this range experimentally, to provide insight into which models may be correct. A por-
tion of this intermediate region of Q ², . (GeV/c)² to . (GeV/c)², is the reign of study in
the GEp-III experiment.
1.3.2 Rosenbluth separation
One method of determining G E and G M is by Rosenbluth separation. In this technique,
the cross section of elastically scattered protons is measured and compared to Eqs. (.)
to (.):
24.
dσ dσ 2 τ 2 1
= GE + GM (.)
dΩ dΩ Mott ε 1+τ
dσ α2 E e cos2 θe
2
= (.)
dΩ Mott 4E e sin4 θe
3
2
−1
θe
ε = 1 + 2 (1 + τ) tan2 (.)
2
Eq. (.) gives the Mott cross section, which is the expected cross section of a pointlike,
spin-½ particle. The portion of Eq. (.) in square brackets, along with the factor of 1/(1 +
τ), is the adjustment to Mott scattering owing to the internal structure of the nucleon.
Eq. (.) deﬁnes ε, the longitudinal polarization of the virtual photon.
The factor α is the ﬁne-structure constant, approximately ¹⁄₁₂₇. E e is the beam energy,
E e is the energy of the scattered electron, θe is the electron scattering angle in the labora-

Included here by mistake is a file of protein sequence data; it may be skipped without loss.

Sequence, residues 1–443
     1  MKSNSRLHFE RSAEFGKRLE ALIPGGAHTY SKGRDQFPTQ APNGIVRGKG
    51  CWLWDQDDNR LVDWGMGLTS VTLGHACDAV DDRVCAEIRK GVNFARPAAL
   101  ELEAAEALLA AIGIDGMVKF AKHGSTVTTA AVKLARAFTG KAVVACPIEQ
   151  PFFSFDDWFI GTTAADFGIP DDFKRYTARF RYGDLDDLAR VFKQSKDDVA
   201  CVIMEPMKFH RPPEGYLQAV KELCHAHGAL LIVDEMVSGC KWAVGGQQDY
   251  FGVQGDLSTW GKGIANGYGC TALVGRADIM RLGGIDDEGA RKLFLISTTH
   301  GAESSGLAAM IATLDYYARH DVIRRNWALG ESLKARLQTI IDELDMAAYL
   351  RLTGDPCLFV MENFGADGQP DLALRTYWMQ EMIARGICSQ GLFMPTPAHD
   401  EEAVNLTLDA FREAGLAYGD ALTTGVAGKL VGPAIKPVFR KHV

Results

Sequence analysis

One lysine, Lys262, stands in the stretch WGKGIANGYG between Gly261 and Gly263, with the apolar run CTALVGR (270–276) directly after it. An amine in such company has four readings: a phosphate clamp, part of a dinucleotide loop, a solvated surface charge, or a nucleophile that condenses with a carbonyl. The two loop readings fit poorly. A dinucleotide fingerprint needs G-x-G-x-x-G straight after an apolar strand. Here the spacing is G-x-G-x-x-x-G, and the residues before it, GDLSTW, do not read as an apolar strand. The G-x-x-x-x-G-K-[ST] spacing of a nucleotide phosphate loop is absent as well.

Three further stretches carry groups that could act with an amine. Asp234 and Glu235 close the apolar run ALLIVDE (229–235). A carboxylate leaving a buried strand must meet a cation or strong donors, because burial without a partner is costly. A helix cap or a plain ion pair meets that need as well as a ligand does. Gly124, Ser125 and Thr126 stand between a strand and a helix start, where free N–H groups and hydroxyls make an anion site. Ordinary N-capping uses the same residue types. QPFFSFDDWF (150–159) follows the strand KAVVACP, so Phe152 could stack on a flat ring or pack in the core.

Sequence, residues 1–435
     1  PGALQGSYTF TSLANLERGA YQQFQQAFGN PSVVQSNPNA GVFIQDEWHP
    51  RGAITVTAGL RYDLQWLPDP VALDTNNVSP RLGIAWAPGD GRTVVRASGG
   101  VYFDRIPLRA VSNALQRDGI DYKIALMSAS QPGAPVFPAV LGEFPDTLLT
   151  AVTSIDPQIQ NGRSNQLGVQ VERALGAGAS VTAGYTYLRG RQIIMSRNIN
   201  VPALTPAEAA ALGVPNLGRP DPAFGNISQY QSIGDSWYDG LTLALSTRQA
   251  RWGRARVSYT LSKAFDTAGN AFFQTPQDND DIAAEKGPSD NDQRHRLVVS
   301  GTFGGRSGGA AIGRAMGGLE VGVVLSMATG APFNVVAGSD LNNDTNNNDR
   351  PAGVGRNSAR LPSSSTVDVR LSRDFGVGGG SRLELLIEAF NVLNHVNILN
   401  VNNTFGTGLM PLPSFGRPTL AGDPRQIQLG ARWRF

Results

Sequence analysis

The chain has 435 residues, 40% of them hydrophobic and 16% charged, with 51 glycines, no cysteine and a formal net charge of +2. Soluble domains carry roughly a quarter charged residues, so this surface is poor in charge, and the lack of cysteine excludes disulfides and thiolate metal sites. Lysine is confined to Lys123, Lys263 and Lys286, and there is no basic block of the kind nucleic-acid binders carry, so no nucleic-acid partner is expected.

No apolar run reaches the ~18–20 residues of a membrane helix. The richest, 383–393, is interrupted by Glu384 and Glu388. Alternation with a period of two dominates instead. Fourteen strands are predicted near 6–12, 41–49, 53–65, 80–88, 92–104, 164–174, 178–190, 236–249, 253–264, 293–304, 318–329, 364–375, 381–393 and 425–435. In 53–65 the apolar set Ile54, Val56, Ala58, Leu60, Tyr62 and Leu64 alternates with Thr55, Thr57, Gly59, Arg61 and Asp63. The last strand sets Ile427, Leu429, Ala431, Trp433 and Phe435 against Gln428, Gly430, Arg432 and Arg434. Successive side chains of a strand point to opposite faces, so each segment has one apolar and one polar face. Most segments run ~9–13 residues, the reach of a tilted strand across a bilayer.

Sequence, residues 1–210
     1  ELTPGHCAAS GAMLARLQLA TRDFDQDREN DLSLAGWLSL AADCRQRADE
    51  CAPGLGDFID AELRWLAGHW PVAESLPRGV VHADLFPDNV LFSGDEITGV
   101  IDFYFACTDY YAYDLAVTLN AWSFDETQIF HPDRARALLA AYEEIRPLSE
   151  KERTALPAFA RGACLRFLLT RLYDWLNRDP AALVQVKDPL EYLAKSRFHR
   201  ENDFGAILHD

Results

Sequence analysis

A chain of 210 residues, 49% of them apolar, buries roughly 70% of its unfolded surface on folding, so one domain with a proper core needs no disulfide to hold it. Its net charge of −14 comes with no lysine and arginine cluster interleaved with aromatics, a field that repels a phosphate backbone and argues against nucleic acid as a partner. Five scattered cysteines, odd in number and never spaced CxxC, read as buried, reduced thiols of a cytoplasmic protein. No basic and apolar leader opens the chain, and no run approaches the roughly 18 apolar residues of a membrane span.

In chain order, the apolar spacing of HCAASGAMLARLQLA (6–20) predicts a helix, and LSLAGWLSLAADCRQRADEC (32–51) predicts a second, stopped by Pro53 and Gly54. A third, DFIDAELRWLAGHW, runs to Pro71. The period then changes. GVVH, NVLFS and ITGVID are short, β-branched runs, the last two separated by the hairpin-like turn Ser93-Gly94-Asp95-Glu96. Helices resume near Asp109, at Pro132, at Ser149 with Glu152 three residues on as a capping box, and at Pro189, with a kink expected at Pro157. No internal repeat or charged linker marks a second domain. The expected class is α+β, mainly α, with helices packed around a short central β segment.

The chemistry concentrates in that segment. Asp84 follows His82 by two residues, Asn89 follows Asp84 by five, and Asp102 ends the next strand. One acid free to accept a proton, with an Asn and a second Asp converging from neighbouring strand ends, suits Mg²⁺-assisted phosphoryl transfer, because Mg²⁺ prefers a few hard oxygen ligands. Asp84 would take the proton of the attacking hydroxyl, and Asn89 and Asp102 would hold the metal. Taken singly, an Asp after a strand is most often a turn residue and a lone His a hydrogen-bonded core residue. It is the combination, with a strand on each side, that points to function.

tory frame, and τ was given in Eq. (.).
Because τ is proportional to Q ², G E dominates Eq. (.) for low Q ² and G M dominates
for high Q ². Rosenbluth separation has been used eﬀectively to determine G E p up to
Q ² ≈ ; beyond this range, measurements of G E p were inconsistent even after account-
ing for large uncertainties []. G M p has been measured to good accuracy up to Q ² ≈ .
Figs. 1.6 and 1.7 show a representative sample of measurements of G E p and G M p obtained
by Rosenbluth separation.
Rosenbluth separation can also be used to determine the neutron form factors G E n
and G M n . The neutron, however, is unstable when not in a nucleus, with a half-life of
about minutes. Because free neutron targets would decay quickly, the neutron must be
studied indirectly using Rosenbluth separation on deuterium (²H). Such studies are more
diﬃcult than studies of the proton form factors, since free protons are readily available in